As for momentous 21st century technology innovations, we’d be remiss if we didn’t include selfies!

  8. spencer says:

    We do miss Peggy, but Mark Smith is doing really good things out of Austin. I think this report wasn’t utilized correctly- or promoted correctly, maybe a better wording. I don’t think it’s shown enough to make the case.

    Also, this study was done in 2012- after the most massive of budget cuts from the state- so such arguments weren’t available for use then. For example, the lone star grant program ended in August, 2011. Grants are coming back from TSLAC.

    Also, in Texas I think we are a great example of doing more with less. Were the libraries of the UK to look at the successful Texas libraries that function on anorexic budgets they could improve their operations. We are doing great things here, really.

    Of course, there could be benefits to standardizing their dress as well- but if we don’t try we won’t know, will we.

  9. spencer says:

    sorry, my reply to myself belongs here…

  10. noutopianlibrarian says:

    since I’m no longer part of the Texas library community, I don’t have much on-the-ground knowledge of what Mark Smith has accomplished since taking the State Librarian position. I was heartened that he was willing to beg IMLS (2 appeals) for continued federal funding funding in the face of the cuts from the state. It might’ve been a different story if the visionaries in the U.S. house had eliminated IMLS and LSTA as they have attempted. Of course, a clever economist can make a lot of hay out of ROI for a short time when the “I” portion is eliminated. Over the long haul, it is public investment in public institutions, managed and carried out by public employees that underlies the quality of life enjoyed by our citizens, and also that underlies a great deal of the technological innovation that, despite comparisons of the 20th century (100 years) with the 21st century (15 years) will, IMO, make the PC and airplanes look like the abacus and ox-carts, that is, if government funding of R&D survives, libraries continue to have funding to make this R&D available to scholars and researchers, and the sky doesn’t fall. (/).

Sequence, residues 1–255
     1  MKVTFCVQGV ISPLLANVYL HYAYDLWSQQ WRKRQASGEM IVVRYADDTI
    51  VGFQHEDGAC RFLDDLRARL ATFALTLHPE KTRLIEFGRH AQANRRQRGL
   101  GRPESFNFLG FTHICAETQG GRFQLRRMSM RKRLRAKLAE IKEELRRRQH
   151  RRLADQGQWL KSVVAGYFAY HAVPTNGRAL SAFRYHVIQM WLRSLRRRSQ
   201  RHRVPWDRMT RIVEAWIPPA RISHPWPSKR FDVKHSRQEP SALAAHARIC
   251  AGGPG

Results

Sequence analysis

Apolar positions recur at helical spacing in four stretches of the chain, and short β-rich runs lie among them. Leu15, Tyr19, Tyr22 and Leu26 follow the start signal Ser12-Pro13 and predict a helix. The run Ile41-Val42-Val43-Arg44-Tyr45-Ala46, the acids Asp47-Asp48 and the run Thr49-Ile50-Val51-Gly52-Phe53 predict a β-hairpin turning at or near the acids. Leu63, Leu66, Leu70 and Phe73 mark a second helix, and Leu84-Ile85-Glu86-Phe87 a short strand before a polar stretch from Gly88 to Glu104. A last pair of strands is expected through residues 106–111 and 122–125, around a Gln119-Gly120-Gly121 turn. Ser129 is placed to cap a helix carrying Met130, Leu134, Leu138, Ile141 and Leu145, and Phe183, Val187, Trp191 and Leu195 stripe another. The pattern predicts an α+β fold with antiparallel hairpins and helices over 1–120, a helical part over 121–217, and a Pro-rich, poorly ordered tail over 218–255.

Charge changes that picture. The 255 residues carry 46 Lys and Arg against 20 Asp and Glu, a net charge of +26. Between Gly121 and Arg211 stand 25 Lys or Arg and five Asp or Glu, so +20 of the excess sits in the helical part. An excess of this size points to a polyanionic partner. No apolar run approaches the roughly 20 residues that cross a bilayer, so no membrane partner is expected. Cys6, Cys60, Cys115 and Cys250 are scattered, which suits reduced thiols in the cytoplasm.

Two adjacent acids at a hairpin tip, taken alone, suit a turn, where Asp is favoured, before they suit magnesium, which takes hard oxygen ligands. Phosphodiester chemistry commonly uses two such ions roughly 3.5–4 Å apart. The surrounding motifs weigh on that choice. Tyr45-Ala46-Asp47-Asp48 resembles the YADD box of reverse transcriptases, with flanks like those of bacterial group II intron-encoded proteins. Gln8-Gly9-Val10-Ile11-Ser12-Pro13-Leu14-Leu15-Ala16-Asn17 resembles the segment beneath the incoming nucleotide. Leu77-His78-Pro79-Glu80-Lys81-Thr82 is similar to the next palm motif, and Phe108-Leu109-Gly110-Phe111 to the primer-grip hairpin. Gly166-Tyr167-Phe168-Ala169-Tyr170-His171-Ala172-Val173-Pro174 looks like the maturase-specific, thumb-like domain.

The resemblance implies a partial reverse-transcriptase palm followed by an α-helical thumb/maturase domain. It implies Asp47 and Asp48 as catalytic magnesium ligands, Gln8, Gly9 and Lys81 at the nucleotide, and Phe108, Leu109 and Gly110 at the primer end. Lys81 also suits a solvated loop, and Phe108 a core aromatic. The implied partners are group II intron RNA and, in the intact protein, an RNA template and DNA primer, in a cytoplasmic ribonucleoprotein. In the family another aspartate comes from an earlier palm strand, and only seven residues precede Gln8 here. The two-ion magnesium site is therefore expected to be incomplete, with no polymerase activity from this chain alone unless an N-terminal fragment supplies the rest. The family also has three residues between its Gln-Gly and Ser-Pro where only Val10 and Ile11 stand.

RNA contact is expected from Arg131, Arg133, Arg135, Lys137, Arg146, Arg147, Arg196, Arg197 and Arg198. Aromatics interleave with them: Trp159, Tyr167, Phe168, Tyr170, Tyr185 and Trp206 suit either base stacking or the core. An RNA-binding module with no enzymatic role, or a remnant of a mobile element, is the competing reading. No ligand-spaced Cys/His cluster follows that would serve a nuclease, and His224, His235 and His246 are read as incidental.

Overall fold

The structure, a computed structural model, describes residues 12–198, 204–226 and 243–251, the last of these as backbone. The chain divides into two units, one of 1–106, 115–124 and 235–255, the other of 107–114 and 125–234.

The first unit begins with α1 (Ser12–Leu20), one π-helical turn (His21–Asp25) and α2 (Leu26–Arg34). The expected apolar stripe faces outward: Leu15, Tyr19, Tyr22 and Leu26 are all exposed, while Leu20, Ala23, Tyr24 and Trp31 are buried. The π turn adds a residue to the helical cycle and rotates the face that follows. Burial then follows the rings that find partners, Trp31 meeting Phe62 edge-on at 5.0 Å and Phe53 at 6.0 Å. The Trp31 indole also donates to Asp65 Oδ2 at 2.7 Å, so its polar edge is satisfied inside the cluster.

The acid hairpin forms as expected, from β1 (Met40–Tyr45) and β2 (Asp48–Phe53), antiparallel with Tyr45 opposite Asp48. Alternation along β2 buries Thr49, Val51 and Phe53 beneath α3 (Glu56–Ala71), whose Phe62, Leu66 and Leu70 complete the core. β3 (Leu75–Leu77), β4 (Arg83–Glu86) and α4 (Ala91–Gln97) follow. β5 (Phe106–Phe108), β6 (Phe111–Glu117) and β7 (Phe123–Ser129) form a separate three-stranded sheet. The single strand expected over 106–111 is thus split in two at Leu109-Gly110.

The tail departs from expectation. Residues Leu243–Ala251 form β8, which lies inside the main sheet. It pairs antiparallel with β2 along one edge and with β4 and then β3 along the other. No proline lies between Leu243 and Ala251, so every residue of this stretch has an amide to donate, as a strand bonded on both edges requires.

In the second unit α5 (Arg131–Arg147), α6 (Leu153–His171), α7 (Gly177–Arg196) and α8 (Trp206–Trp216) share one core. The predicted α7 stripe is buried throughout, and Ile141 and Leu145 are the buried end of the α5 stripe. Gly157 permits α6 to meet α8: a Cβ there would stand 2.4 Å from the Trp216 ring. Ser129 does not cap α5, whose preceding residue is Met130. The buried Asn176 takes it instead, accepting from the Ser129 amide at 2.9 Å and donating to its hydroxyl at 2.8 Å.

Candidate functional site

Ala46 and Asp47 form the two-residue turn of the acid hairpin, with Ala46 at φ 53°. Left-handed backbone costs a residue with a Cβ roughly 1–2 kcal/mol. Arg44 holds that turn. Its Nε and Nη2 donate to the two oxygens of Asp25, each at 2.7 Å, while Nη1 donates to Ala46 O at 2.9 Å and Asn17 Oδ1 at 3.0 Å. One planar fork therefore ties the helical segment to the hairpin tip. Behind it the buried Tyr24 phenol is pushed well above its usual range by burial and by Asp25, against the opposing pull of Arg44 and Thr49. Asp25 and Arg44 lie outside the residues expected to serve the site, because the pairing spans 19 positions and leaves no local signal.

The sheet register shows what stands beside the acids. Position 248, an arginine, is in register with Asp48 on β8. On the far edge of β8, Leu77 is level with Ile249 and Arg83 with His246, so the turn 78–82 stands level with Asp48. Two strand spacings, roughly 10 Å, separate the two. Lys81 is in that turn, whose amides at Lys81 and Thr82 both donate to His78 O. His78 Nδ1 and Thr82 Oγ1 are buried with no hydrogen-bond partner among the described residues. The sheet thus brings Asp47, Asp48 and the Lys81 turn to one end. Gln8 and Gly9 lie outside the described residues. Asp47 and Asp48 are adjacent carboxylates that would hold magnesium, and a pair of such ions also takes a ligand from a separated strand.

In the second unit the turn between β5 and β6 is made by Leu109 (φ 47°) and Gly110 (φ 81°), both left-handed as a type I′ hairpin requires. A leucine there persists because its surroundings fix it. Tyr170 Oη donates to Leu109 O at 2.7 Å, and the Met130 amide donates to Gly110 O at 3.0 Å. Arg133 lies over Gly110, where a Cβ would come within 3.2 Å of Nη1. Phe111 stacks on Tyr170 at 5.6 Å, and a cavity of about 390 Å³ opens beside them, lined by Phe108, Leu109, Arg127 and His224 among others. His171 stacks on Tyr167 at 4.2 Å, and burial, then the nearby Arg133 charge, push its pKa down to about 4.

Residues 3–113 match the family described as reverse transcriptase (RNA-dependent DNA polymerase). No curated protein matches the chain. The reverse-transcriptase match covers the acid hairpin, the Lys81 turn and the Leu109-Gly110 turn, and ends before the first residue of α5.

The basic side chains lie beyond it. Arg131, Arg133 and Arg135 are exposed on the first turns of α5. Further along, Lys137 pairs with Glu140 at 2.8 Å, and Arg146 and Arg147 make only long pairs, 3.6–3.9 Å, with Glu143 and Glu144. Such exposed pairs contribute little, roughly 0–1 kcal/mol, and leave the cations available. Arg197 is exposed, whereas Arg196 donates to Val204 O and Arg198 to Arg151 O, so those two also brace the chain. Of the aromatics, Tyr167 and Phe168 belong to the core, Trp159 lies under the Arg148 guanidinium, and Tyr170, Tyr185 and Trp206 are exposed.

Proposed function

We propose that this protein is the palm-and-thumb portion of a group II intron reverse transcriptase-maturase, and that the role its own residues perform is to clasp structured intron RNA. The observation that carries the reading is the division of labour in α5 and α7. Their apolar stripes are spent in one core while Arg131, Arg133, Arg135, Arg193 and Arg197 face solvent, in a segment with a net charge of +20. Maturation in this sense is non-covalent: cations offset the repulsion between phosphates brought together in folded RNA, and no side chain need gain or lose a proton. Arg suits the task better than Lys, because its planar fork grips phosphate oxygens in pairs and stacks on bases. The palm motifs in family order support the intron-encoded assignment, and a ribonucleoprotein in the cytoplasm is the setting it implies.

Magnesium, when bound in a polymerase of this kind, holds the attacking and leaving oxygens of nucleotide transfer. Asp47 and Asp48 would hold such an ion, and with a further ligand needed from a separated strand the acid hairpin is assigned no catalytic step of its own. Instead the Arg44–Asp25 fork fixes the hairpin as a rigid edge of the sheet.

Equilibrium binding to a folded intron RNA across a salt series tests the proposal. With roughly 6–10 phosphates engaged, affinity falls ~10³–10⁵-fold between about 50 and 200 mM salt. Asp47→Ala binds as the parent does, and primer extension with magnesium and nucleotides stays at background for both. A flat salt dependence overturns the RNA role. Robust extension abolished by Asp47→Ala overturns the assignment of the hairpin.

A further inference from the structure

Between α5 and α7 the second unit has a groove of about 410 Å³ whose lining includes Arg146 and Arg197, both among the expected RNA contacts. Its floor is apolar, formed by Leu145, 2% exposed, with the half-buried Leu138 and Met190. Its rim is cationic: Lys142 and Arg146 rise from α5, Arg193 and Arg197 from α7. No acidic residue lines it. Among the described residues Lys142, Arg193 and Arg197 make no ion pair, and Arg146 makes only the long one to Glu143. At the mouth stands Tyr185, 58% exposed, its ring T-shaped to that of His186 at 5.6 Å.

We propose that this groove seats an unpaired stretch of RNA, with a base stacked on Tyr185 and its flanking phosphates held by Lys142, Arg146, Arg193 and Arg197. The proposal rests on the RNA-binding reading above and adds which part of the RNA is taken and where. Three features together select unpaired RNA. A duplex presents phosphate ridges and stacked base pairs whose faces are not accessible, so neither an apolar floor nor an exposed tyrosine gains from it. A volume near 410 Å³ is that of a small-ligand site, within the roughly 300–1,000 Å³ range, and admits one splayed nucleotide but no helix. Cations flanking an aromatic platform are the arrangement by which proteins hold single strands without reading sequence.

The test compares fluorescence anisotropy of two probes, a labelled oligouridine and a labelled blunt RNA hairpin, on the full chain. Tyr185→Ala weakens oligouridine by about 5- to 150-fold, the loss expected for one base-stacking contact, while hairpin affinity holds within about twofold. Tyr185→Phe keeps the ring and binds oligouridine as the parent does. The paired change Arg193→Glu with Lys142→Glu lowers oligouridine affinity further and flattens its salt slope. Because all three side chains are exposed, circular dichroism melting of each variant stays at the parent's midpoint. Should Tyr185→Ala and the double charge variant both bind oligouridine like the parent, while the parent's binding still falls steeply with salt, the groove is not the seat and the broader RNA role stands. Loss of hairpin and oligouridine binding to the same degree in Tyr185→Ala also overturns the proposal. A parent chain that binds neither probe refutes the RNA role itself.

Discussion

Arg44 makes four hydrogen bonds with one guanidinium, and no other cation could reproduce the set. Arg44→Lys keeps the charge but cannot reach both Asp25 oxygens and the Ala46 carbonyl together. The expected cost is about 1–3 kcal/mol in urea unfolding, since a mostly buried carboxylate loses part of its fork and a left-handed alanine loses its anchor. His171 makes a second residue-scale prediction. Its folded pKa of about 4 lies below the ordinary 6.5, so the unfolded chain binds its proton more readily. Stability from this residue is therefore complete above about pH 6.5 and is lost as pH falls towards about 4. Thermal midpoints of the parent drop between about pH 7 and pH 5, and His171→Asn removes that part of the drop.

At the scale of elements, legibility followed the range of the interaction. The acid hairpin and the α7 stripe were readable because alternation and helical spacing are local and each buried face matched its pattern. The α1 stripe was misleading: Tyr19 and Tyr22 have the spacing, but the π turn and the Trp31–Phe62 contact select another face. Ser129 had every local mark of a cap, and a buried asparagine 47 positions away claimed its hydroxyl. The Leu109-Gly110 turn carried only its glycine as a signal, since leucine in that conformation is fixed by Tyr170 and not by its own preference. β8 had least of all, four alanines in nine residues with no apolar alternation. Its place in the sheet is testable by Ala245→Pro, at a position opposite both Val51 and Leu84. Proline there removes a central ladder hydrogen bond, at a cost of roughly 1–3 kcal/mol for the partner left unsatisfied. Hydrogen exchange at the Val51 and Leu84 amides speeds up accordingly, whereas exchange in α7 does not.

The best with Mark Smith. I’m personally glad I left Texas when I did, as fond as I am of the state, the wonderful libraries, and the hundreds of librarians and government employees I worked with there while I was there in the days before smartphones and social networks.